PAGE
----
Monday, October 31, 2011


Deptford Fun City, 1978; reissued by Cherry Red with bonus tracks; available

CD: 20 tracks, 73:34

ATV founder (and mainstay) Mark Perry was the editor of the legendary punk zine SNIFFIN' GLUE. That being said, it's obvious he viewed punk more as an attitude than a sound, for Alternative TV rarely ever stuck to punk's "rules". The early singles "Life", "How Much Longer?", and "You Bastard" (all present, with the latter two appearing in different versions) are most definitely UK '70s punk, and fine examples at that! However, the debut single "Love Lies Limp" is decidedly reggae-influenced. THE IMAGE HAS CRACKED, their first album, veers all over the place stylistically. Some tracks were recorded in a studio, while others are either straight live takes or what appear to be collages of studio and live material. The straightforward punk rock of "Action Time Vision" and "Viva La Rock and Roll" are musically quite accomplished, but the experimental material makes thems somewhat tame. Opening track "Alternatives" starts with a synthesizer noodle (played by Jools Holland!) before going into a krautrocky instrumental track accompanied by Perry trying to get the audience to use the stage as a forum. He gets progressively angrier at them for acting up, finally exploding when a fight breaks out. There's also the interesting cover of Frank Zappa's "Why Don't You Do Me Right" and the hypnotic "Splitting In Two". My personal favorite is the atmospheric "Nasty Little Lonely", which has a nice slow buildup to an explosive release. One of the bonus tracks, "Another Coke", is a live number recorded for the album but rejected due to space. As a whole, THE IMAGE HAS CRACKED is a bit schizophrenic, but it does cohere into a great early post-punk album with repeated listens. After this, Alternative TV would shed their few "punk" tendencies and go deep into experimental music. The bonus track "The Force Is Blind" is much more in line with this industrial direction. It's hard to find, but the second album VIBING UP THE SENILE MAN especially shows this side of the band to great effect.

Wednesday, October 26, 2011

Pytolator, INLAND

Ata Tak, 1979; available with bonus tracks

CD: 18 tracks, 59:48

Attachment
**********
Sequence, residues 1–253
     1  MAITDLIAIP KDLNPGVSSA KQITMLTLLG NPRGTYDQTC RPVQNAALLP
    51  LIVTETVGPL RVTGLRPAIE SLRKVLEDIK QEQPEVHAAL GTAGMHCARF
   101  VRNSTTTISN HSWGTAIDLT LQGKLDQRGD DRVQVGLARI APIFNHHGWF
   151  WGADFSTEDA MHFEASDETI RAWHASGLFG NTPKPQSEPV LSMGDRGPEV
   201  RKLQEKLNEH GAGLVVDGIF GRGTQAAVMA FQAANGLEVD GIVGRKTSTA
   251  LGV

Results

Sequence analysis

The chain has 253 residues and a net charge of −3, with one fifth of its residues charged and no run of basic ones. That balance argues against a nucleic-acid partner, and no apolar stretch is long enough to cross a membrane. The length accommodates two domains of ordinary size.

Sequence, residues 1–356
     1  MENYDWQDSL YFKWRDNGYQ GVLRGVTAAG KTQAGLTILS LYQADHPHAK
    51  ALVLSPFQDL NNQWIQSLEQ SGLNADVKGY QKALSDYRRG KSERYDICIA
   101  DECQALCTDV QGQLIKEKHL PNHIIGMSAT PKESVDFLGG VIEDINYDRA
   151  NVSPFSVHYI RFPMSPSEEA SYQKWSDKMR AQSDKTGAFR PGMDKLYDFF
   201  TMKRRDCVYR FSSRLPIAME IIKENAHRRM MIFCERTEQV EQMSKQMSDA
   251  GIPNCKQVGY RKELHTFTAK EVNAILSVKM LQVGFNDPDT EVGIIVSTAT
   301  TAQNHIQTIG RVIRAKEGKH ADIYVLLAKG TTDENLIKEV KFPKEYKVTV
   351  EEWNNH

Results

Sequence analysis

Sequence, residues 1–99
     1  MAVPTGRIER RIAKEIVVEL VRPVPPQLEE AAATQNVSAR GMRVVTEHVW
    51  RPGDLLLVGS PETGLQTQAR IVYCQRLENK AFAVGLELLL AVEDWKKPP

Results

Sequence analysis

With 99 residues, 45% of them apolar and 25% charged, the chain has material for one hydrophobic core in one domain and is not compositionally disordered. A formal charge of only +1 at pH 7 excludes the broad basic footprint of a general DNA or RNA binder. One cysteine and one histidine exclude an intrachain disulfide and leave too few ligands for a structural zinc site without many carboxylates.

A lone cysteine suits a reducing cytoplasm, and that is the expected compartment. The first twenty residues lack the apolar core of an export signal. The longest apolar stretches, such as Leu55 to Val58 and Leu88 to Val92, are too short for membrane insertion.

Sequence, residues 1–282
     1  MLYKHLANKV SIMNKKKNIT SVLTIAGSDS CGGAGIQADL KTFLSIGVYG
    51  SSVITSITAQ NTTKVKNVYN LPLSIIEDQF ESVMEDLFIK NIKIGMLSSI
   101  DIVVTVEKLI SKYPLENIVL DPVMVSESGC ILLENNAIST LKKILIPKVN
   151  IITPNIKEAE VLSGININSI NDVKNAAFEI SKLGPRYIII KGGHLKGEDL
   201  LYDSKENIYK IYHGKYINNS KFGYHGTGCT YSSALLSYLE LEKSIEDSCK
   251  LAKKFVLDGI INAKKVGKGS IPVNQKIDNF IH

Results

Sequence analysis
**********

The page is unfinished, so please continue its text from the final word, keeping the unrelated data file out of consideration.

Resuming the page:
Kurt "Pyrolator" Dahlke began his career in Deutsch Amerikanische Freundschaft (specifically on PRODUKT DER...) and ended up dividing his time between his solo work and Der Plan. This, the second release on the Dahlke-founded Ata Tak (again, after PRODUKT DER...!), is his first solo venture. Unlike the later AUSLAND, this finds Pyrolator completely on his own. His arsenal of machines is quite impressive - an early Italian synth, an organ, a Korg MS20, two mics, and a tape setup. Interestingly, this completely instrumental album was intended as a protest piece against prevailing cultural views in Germany! The pieces themselves cover a lot of ground in a krautrock-influenced industrial way. The four "Inland" tracks, as well as "Minimal Tape 1/2.3", are surprisingly harsh masterpieces of early synth noise. On the opposite side of the spectrum, there are the dreamy ambient "Minimal Tape 1/8" and a couple of catchy synthpop numbers (my favorite of these is "Danger Cruising", which sounds remarkably like its name). "Bärenstrasse" and "Nordatlantik" round out the stylistic diversity with pioneering bits of dark ambience. The six bonus tracks are very worthwhile as well, with the droning "Die Einsamkeit Des Langstreckenläufers", "Struktur 01" and "Struktur 22" being particularly delightful. Most of these were recorded prior to INLAND, but soundwise they are along similar lines. While this is much more minimal (and nowhere near as lighthearted) than anything else Pyrolator ever did, it's a wonderful and enjoyable slice of eccentricity. It's also my favorite Pyrolator solo release, but nervous fans might want to start with AUSLAND or Der Plan's GERI REIG before going INLAND.